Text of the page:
Mechanic’s Lien

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3rd Aug 2016

Yellow helmet full of dollars

Mechanics Lien Basics for Contractors and Subcontractors

Pennsylvania’s Mechanic’s Lien Law operates to give a security interest to those contractors and subcontractors who provide labor and materials in connection with repairs, alterations or construction of real estate. When properly exercised, it is a powerful tool providing a security interest in the property to ensure that the contractor or subcontractor will ultimately receive payment for his work and materials. Materialmen are also entitled to file a Mechanic’s Lien even when they do not have a direct contract with the property owner.

Obviously, no Mechanic’s Lien can be filed until there is a failure by the property owner or the general contractor to pay a contractor or subcontractor or materialman after the labor and materials have been provided and invoiced pursuant to the terms of their contractual relationship.

It is important to note that no Mechanic’s Lien Claim may be filed for amounts under $500. While general contractors may file a Mechanic’s Lien Claim without giving prior notice to the owner, all subcontractors and materialmen must provide at least 30 days’ written notice to the property owner before filing a Claim. That notice must provide the property owner of the intention to file a Mechanic’s Lien Claim and must include the following information:

  • Name of Claimant
  • Name of person/entity with whom Claimant contracted
  • Amount Claimed to be due
  • General nature and character of labor or materials furnished
  • Date of completion of the work for which Claim is made
  • Brief description sufficient to identify the property subject to the lien

The written notice may be served by registered or certified first class mail.

Upon the expiration of the 30-day notice period applicable to subcontractors and materialmen, the Mechanic’s Lien Claim may be filed with the Prothonotary of the county in which the real estate is located. The Mechanic’s Lien Claim must be filed within six months after completion of the work, or the right to file the lien is forever lost. Once the Mechanic’s Lien Claim is filed of record, the property owner must be provided with a Notice of Filing of Mechanic’s Lien Claim within 30 days of the filing. The Notice of Filing of Mechanic’s Lien Claim must indicate the court, term and number and date of filing of the Claim. This notice must be served in the same manner as original process (i.e., through Sheriff’s office). An affidavit of service of notice, or the acceptance of service, must be filed with the Prothonotary within twenty (20) days after service setting forth the date and manner of service.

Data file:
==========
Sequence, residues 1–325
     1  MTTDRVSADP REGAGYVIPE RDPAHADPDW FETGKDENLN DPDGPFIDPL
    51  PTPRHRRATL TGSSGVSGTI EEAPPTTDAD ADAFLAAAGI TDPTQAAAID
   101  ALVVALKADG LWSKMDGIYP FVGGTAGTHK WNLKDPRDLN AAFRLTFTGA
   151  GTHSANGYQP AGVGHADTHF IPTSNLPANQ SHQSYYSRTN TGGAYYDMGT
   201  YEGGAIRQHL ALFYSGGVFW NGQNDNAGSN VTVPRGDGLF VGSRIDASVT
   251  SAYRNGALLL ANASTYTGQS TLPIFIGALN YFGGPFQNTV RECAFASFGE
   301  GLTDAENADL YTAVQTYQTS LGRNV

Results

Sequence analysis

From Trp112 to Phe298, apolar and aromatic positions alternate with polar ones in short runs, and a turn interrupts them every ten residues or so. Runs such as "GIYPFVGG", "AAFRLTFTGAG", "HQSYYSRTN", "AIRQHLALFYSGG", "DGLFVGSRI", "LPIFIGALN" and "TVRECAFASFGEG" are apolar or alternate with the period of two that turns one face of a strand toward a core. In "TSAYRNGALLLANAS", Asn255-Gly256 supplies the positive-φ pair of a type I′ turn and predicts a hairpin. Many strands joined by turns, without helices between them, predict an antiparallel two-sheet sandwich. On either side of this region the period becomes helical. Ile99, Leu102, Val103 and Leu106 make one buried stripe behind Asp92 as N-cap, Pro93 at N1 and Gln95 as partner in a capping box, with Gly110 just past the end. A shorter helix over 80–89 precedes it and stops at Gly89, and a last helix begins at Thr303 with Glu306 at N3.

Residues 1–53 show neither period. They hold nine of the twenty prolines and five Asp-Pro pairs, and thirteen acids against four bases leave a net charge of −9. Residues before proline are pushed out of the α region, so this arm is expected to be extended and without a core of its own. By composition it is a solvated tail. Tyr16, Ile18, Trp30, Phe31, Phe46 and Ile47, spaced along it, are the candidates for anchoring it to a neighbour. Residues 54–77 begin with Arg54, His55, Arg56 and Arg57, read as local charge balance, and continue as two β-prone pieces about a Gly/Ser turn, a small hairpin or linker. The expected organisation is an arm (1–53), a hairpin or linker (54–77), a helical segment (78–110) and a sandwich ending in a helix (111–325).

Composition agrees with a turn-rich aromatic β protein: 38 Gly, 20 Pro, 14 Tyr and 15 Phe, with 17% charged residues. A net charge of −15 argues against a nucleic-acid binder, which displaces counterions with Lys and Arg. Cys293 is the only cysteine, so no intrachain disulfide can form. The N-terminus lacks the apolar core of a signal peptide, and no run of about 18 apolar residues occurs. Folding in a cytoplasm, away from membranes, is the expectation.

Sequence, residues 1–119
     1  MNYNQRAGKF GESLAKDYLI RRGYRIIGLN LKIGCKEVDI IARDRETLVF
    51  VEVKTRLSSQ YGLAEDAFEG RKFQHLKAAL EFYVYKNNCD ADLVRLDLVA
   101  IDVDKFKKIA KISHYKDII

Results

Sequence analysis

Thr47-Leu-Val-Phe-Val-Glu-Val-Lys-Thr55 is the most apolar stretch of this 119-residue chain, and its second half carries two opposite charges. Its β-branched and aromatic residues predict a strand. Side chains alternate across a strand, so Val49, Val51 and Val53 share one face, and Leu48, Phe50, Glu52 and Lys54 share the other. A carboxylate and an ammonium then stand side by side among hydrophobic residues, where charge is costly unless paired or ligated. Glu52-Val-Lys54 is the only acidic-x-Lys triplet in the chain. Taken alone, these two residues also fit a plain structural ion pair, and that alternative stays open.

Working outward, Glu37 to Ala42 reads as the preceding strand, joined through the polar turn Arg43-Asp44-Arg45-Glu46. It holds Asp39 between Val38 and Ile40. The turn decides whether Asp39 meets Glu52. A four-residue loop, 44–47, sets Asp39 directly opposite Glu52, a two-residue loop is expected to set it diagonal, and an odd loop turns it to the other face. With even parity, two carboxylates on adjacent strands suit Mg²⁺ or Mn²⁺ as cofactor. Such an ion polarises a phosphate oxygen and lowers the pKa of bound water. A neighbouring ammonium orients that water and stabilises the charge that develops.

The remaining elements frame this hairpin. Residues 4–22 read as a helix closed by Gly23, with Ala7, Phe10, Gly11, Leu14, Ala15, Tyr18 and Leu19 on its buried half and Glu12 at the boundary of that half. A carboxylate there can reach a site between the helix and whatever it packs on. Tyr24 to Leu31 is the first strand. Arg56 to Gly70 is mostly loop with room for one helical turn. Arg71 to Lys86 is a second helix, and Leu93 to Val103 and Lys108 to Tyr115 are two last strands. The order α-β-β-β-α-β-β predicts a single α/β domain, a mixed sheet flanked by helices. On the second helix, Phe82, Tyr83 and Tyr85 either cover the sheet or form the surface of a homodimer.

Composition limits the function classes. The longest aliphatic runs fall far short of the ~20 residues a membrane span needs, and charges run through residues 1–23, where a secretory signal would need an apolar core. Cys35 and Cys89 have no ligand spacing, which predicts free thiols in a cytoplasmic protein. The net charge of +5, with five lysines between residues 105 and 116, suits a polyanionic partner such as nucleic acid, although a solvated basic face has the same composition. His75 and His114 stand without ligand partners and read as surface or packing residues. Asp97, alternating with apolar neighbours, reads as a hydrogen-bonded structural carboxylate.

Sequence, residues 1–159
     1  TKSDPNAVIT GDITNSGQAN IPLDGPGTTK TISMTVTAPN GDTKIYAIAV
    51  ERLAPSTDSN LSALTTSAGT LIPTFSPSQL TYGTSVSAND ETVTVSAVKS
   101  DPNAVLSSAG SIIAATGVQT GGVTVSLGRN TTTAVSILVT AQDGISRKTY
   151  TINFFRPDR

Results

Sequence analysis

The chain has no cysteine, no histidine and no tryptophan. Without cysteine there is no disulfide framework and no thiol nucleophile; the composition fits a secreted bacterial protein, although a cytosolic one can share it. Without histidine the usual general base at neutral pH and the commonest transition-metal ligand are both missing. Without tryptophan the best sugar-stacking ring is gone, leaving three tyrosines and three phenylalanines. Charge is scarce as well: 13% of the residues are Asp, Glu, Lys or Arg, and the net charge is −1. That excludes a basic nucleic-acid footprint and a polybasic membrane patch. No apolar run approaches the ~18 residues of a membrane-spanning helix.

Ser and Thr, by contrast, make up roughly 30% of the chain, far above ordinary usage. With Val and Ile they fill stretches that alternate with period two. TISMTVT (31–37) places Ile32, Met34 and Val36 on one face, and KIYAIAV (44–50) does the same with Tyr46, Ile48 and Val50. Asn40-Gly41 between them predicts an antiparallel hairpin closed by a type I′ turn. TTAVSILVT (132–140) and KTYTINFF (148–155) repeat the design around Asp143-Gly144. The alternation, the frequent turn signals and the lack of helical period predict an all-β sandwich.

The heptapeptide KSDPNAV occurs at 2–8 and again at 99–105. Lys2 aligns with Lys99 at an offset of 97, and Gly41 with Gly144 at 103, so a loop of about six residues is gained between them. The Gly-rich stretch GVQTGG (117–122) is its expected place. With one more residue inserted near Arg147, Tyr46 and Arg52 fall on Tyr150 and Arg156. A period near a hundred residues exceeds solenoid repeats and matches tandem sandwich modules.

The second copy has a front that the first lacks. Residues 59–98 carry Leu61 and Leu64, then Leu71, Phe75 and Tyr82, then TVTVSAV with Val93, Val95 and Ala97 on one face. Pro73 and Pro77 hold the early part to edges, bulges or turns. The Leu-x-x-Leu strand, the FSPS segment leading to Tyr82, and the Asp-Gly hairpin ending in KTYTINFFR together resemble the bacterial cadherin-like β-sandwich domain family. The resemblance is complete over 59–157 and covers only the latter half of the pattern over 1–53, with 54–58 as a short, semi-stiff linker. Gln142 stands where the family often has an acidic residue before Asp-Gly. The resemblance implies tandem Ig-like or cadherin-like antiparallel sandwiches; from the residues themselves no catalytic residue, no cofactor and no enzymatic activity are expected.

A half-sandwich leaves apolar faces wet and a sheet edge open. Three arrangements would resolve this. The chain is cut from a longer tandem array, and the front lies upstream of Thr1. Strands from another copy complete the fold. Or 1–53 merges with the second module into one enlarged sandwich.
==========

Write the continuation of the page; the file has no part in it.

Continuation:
Once the property owner has been served with the Notice of Service of Mechanic’s Lien Claim, no further immediate action on the part of the contractor, subcontractor or materialman is necessary; however, it is important to note that the statute requires that a Complaint be filed within two years of the filing of the Mechanic’s Lien Claim to enforce the Claim and reduce it to a judgment. Failure to file the Complaint within the required two-year period will result in the loss of the lien.

Recently, the Pennsylvania legislature amended the Mechanic’s Lien Law to afford greater protection to residential property owners. The law now provides that a Mechanic’s Lien is subordinate to an open-end mortgage that is recorded after construction on the project has commenced if at least 60% of the open-end mortgage proceeds are devoted to construction costs. Furthermore, the new amendments limit the circumstances under which a residential property can be subject to a Mechanic’s Lien. Once the owner has paid the contractor the full amount of the contract price, any existing Mechanic’s Liens on the property are deemed to be discharged. If the owner fails to pay the full contract price, but pays a portion thereof, the Mechanic’s Lien Claim filed upon the property is reduced to reflect the amount actually due and owing under the contract price. Finally, the amendments also provide that a subcontractor has no right to a lien when the owner has paid the full contract price to the contractor and the property is a one or two-unit residential property intended to be used as the residence of the owner.

 

The filing and perfection of Mechanic’s Lien Claims can prove to be tricky business for even the most savvy contractor. Call us for assistance with the filing of Mechanic’s Lien Claims for your business!

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